Insights: Alerts California Supreme Court Recognizes Good Faith Defense to Wage Statement Violations

On May 7, 2024, the California Supreme Court resolved a lower court split over the meaning of a “knowing and intentional failure to comply” under California Labor Code Section 226, which dictates requirements for providing employees with written wage statements and the information that must be included therein. In Naranjo v. Spectrum Security Services, Inc. the Court held that employers can avoid penalties for a “knowing and intentional” violation of the statute if they can establish that they had an objectively reasonable good faith belief that they were in compliance with the law. The opinion is welcome relief for employers who may fail, despite their best efforts, to comply with the wage statement provisions of the California Labor Code.

Section 226 of the California Labor Code requires employers to provide written wage statements to employees at each pay period. Section 226 also requires employers to include particular information in each wage statement, such as gross and net wages earned, rate of pay, hours worked, deductions from wages, and similar information. If the employee can demonstrate an employer’s failure to comply with the statute, the employee can obtain injunctive relief and recover costs and attorney’s fees. If the employee can demonstrate that the failure is “knowing and intentional,” the employee may recover statutory penalties up to $4,000. 

The California Labor Code also provides for the payment of penalties based on an employer’s willful failure to pay wages when due. Employees typically bring a claim for failure furnish accurate wage statements as a companion claim to a claim for failure to pay wages. If an employer fails to pay wages, the employer necessarily fails to report the unpaid wages on the employee’s wage statement. Thus, employers are subject to two separate claims arising from the same primary violation. Employers can avoid liability for failing to pay wages when due if the employer can show that they had an objectively reasonable good faith belief that they were in compliance with the law. At issue in Naranjo was whether an employer’s good faith belief that they were in compliance with the law could also preclude an award of penalties for a “knowing and intentional” failure to furnish accurate wage statements.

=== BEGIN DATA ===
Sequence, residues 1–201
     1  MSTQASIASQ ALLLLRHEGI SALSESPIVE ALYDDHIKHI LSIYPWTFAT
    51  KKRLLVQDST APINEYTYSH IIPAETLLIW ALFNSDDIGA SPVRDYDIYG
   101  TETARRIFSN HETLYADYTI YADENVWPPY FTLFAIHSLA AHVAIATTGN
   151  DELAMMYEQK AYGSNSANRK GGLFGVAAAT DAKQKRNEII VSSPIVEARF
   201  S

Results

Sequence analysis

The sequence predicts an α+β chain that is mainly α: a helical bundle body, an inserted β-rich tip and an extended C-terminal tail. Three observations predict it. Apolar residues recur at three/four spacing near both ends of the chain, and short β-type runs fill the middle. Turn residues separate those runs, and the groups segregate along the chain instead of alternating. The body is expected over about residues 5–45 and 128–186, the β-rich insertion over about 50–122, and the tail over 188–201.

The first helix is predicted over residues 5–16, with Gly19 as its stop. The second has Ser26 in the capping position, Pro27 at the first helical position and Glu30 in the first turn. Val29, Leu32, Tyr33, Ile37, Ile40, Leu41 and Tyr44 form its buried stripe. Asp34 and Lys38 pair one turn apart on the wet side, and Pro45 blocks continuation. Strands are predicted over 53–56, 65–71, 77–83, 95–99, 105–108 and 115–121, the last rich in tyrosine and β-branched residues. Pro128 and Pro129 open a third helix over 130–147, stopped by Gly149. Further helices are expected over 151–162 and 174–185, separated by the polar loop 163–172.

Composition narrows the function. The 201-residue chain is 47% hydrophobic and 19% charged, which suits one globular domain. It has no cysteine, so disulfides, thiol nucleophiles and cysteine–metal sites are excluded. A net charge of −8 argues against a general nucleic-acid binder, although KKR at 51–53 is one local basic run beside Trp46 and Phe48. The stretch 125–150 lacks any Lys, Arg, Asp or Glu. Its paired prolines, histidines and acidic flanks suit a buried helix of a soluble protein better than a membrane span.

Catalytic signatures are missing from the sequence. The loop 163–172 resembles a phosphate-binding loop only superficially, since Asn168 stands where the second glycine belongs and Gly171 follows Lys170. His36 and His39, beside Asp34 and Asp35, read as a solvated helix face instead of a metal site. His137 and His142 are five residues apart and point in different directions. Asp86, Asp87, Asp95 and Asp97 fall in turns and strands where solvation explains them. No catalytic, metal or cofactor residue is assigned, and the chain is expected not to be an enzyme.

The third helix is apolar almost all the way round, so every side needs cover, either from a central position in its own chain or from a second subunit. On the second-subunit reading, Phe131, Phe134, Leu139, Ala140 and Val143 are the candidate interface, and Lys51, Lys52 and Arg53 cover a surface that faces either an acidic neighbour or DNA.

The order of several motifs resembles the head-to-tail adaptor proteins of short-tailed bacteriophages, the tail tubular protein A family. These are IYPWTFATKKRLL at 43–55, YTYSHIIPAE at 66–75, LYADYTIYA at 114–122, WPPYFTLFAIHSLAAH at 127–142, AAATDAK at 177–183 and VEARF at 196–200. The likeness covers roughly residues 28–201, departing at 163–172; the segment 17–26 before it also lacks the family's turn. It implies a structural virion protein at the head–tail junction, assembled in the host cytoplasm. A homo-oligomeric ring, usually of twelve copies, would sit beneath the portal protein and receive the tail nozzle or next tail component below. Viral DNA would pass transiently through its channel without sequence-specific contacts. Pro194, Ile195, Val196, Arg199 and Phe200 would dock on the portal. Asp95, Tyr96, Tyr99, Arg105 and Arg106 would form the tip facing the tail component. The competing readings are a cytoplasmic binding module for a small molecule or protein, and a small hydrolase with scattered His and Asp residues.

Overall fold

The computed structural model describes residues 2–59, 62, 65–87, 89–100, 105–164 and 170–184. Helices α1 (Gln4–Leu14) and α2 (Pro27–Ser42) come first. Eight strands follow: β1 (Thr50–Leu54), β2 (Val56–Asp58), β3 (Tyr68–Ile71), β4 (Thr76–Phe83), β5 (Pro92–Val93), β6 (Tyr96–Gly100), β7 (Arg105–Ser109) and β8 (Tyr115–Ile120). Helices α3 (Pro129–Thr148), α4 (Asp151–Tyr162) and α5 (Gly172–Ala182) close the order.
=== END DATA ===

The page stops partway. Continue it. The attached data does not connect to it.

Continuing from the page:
The Court ruled in favor of the employer and held that an employer’s objectively reasonable, good faith belief that it complied with the statute precludes an award of penalties for a knowing and intentional violation. Among other reasons for its decision, the Court acknowledged the correlation between claims for failing to pay wages and claims for failing to furnish accurate wage statements and observed that the legislature likely did not intend for employers to be able to assert a good faith defense to a claim for failure to pay wages and not assert such a defense to a claim for failing to furnish an accurate wage statement, which is arguably a less serious infraction than the failure to pay wages in the first place.

California employers are well-aware that California law imposes numerous strict and often complex requirements on employers and that it is easy to violate those requirements, despite best efforts to comply. The Naranjo opinion provides some comfort to employers that by taking objectively reasonable, good faith efforts to comply with the statutory wage statement requirements—such as seeking advice from legal counsel on compliance matters—employers may be able to avoid liability for a knowing and intentional violation of the statute.

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